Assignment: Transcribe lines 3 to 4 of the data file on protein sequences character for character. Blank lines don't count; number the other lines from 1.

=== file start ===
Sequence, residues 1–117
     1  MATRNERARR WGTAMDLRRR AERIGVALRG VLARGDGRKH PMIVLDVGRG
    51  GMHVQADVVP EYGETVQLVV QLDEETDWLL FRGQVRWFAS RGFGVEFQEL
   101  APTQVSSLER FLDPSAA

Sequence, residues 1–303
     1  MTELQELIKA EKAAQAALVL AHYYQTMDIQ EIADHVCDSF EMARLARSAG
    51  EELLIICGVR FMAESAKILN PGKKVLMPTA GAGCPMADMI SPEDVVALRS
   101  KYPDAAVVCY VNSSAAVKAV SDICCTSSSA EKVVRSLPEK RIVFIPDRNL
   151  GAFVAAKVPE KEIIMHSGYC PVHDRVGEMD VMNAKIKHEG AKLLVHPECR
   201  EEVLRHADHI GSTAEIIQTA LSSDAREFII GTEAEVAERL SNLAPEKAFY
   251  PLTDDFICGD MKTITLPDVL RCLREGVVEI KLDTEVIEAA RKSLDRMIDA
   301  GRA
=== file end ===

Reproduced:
    51  GMHVQADVVP EYGETVQLVV QLDEETDWLL FRGQVRWFAS RGFGVEFQEL
   101  APTQVSSLER FLDPSAA